Much of relationship building rests on your genuine expressions of appreciation toward others. Showing gratitude for another’s help or for their willingness to put in the extra effort will let them know you value them.

Mentors Come Out of the Woodwork

Mentors are proven to advance your professional and career development. A mentor can help you navigate how to approach your work and keep you apprised of industry trends. They have a plethora of experience to draw from that can be invaluable when advising you on achieving career success and advancement.

Mentors flock to those who are skilled at relationship building. So, work on your relationships and keep your eyes peeled for a worthy mentor.

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You Pull Together as a Team

Great teamwork starts with having an “abundance mentality” rather than a scarcity mentality. Too often, workers view all projects through a scarcity mentality lens. This leads to office strife as coworkers compete for their piece of the pie. But in an abundance mentality mode, you focus on the strengths that others bring rather than the possibility that they are potential competitors.

Instead, you can commit relationship building efforts to ensure a positive work environment rather than an adversarial one. When you let others know that you intend to support their efforts and contribute to their success, they will respond in kind. Go, team!

Your Network Expands and So Does Your Paycheck

Expand your relationship building scope beyond your coworkers to include customers, suppliers, and other industry stakeholders. Your extra efforts can lead to extra sales, a more rewarding career, and even speedy professional advancement. And don’t overlook the importance of building warm relationships with assistants, receptionists, or even interns.

Take care to build bridges, not just to your boss and your boss’s boss but with those that work under you as well. You may find that someone who you wouldn’t expect will put in a good word for you with your supervisor.

Building and maintaining good working relationships with everyone you come in contact with can pay off in unforeseen ways. You never know when that underling will turn out to be the company’s “golden child.” Six years from now you may be turning to them for a job. If you have built up a good, trusting work relationship with others along your way, you will more likely be considered for positions that any of these people may be looking to fill.

Your Job Won’t Stress You Out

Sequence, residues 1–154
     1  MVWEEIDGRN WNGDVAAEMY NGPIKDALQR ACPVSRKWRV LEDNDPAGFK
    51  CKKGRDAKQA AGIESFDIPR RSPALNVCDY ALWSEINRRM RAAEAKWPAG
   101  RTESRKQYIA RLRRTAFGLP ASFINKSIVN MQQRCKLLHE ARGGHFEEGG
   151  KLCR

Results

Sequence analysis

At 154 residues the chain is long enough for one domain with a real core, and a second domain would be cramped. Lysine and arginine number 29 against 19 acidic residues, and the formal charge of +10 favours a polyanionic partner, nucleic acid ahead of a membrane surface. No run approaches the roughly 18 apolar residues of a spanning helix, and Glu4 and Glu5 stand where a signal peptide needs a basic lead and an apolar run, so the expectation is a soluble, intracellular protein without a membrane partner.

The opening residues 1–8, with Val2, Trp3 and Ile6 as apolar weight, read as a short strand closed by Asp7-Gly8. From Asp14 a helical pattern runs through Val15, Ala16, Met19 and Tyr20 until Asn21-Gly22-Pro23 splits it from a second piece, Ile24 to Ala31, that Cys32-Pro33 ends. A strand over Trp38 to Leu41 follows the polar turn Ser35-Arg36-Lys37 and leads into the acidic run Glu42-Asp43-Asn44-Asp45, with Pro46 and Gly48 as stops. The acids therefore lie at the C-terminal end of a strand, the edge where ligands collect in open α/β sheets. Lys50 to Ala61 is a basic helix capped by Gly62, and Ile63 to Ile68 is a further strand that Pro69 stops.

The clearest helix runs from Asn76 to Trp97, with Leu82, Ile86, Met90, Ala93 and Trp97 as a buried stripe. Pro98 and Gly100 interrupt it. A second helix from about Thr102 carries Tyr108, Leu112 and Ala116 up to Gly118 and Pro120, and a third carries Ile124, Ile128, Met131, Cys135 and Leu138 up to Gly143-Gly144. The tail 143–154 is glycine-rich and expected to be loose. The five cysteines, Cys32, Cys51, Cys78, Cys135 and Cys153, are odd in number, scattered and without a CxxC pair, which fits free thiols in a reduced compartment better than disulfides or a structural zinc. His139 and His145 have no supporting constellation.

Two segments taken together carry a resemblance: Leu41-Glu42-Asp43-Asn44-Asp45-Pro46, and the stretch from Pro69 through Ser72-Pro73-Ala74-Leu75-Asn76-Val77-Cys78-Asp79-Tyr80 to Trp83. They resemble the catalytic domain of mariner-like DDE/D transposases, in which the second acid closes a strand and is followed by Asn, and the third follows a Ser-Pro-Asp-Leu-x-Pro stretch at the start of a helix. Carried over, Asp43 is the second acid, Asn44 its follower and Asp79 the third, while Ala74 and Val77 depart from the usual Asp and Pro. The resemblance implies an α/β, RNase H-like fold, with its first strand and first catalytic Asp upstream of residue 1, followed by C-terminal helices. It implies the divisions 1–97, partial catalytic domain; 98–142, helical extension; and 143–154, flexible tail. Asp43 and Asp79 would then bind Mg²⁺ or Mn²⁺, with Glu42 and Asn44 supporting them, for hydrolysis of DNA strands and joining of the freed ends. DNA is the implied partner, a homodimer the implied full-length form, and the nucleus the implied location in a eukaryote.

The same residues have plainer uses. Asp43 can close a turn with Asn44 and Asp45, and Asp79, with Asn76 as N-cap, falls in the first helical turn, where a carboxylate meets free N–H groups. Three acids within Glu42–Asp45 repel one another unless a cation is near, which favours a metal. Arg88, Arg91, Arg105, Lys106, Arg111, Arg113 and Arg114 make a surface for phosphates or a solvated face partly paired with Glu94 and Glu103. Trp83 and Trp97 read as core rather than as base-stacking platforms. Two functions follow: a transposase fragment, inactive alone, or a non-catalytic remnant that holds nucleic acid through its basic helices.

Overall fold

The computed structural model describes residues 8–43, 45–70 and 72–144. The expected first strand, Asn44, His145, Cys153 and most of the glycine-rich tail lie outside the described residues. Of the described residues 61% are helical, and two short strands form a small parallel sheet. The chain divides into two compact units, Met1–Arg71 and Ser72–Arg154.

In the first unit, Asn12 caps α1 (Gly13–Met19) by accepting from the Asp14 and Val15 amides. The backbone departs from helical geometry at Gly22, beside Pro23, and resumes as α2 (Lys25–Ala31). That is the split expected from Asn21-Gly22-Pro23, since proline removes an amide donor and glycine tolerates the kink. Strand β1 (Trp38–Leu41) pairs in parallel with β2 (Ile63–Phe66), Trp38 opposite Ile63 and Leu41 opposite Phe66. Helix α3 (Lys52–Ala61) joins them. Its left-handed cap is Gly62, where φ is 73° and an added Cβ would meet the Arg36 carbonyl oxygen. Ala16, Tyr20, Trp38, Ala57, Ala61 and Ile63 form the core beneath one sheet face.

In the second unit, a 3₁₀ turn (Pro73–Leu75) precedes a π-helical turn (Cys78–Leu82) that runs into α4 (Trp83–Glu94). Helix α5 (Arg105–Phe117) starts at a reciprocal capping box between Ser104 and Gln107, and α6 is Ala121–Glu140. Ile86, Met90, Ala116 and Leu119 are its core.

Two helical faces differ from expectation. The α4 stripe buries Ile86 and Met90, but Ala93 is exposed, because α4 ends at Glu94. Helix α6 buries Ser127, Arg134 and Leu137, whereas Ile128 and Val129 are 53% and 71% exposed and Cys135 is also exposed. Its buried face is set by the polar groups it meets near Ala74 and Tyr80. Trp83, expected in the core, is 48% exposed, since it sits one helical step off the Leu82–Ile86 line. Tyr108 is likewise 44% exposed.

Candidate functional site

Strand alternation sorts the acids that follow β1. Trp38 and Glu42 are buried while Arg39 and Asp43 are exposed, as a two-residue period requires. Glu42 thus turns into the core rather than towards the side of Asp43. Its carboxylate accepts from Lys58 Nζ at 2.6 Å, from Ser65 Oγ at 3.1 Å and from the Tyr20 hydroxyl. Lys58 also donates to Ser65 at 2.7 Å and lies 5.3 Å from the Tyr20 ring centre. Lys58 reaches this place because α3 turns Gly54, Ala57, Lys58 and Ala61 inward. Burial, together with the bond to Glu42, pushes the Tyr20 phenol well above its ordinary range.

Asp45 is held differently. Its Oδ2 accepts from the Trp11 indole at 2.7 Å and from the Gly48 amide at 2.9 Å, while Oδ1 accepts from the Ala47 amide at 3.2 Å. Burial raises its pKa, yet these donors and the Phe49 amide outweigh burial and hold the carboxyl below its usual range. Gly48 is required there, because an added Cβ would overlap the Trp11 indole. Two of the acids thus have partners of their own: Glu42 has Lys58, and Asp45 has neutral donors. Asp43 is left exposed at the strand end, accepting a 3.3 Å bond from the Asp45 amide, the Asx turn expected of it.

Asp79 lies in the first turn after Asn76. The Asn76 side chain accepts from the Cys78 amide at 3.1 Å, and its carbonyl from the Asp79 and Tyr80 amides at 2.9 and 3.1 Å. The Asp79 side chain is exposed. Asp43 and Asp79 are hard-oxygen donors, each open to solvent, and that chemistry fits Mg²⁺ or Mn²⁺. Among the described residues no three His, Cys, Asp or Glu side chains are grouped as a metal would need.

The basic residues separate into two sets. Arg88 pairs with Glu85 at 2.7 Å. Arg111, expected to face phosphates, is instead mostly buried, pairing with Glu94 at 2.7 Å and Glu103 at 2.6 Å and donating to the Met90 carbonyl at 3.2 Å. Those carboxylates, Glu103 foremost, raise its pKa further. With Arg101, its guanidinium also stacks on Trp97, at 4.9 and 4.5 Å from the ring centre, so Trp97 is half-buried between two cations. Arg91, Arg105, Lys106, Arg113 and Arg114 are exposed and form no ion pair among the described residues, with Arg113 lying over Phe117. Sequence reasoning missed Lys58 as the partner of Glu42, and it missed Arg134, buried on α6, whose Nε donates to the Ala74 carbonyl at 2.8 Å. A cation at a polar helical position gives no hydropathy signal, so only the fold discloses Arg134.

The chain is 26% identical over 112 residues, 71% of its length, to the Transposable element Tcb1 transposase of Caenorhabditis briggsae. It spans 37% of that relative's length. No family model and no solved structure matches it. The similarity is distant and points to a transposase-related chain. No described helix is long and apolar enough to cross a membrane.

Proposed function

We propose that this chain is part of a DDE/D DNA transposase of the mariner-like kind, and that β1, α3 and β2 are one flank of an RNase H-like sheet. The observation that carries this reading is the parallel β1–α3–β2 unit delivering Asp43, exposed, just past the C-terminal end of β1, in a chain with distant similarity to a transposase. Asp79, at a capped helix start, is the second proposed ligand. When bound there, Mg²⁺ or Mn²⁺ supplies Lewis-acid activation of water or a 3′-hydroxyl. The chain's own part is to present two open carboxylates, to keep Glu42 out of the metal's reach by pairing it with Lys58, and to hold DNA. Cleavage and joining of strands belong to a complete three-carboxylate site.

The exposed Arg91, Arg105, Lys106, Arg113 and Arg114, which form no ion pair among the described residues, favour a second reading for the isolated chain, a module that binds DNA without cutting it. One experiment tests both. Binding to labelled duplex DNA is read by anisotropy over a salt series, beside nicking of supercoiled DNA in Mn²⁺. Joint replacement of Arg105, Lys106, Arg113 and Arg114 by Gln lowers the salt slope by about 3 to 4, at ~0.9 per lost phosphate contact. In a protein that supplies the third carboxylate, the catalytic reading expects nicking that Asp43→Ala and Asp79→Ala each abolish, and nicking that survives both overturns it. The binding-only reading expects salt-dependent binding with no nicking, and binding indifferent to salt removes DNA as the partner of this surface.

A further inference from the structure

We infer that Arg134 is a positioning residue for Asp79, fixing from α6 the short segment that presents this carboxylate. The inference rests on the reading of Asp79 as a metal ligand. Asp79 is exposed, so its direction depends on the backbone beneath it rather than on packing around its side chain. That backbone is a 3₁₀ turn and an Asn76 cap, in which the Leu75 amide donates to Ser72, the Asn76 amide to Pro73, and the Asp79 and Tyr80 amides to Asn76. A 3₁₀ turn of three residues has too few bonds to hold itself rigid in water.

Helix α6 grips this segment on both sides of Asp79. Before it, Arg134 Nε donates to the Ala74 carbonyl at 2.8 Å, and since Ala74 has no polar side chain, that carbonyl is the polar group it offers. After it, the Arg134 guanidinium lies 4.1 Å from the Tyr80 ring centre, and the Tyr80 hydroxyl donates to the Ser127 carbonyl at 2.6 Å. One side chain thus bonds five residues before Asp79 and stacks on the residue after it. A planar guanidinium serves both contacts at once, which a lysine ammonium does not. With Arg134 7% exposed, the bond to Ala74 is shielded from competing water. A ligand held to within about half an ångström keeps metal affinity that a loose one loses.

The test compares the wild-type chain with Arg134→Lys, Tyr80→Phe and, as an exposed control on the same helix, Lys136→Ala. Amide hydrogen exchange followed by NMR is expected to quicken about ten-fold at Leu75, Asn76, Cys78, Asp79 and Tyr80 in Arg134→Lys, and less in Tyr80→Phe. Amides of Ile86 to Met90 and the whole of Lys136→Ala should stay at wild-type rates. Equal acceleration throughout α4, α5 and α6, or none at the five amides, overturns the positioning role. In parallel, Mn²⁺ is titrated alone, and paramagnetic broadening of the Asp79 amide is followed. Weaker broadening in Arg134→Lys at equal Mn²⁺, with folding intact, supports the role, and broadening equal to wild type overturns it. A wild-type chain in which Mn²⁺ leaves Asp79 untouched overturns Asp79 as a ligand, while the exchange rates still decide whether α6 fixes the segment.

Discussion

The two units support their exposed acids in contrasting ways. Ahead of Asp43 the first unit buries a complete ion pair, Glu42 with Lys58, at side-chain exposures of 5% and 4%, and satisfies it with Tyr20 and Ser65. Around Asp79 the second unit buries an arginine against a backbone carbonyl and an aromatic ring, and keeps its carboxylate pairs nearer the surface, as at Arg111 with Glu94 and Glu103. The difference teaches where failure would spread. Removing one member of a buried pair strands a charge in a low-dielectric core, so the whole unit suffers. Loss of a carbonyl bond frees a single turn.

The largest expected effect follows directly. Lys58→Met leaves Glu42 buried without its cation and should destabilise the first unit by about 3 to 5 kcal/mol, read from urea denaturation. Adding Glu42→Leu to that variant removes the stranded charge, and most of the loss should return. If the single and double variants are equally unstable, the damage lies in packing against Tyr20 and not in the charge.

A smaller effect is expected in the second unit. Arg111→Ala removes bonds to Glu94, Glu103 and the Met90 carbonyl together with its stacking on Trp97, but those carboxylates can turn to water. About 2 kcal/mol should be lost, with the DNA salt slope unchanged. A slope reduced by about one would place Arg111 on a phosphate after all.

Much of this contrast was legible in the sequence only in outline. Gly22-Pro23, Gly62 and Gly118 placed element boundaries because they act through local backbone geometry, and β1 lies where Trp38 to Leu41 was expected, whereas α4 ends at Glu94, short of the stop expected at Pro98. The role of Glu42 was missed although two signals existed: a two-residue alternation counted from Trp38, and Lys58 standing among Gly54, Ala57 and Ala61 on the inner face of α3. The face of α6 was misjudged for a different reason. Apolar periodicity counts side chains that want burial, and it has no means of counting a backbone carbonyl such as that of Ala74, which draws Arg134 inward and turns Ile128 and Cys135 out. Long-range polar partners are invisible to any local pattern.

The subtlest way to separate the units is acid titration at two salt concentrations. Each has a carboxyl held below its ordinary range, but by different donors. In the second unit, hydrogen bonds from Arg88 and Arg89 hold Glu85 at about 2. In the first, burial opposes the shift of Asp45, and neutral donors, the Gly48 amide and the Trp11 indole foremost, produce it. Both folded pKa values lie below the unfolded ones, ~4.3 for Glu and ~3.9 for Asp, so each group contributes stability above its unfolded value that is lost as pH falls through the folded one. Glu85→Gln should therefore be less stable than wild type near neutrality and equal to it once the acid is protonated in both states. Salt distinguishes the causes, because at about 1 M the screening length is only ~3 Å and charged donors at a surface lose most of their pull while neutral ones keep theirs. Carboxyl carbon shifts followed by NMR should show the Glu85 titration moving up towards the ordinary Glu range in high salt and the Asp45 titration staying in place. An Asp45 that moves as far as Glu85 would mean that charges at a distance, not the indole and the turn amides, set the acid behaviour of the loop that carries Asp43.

Study shows that some 83 percent of American workers experience work-related stress.[1] Granted, some of that stress is now likely caused by the new pandemic-triggered workplace adjustments, yet bosses and management, in general, are reportedly the predominant source of stress for more than one-third of workers.

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Having meaningful connections among coworkers is the best way to make work less stressful. Whether it is having others whom to commiserate with, bounce ideas off, or bring out your best performance, friendships strengthen the group’s esprit de corps and lower the stress level of your job.

Your Career Shines Bright

Who would you feel better about approaching to provide a recommendation or ask for promotion: a cold, aloof boss with whom you have only an impersonal relationship or one that knows you as a person and with whom you have built a warm, trusting relationship?

Your career advancement will always excel when you have a mutual bond of friendship and appreciation with those who can recommend you. Consider the plug you could receive from a supervisor who knows you as a friend versus one who remains detached and only notices you in terms of your ability to meet deadlines or attain goals.

When people fully know your skills, strengths, personality, and aspirations, you have promoters who will sing your praises with any opportunity for advancement.

Final Thoughts

At the end of the day, it is “who you know” not “what you know.” When you build relationships, you build a pipeline of colleagues, work partners, team members, current bosses, and former bosses who want to help you—who want to see you succeed.

At its core, every business is a people business. Making a point to take the small but meaningful actions that build the foundation of a good relationship can be instrumental in cultivating better relationships at work.

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Featured photo credit: Adam Winger via unsplash.com

Reference

[1] The American Institute of Stress: 42 Worrying Workplace Stress Statistics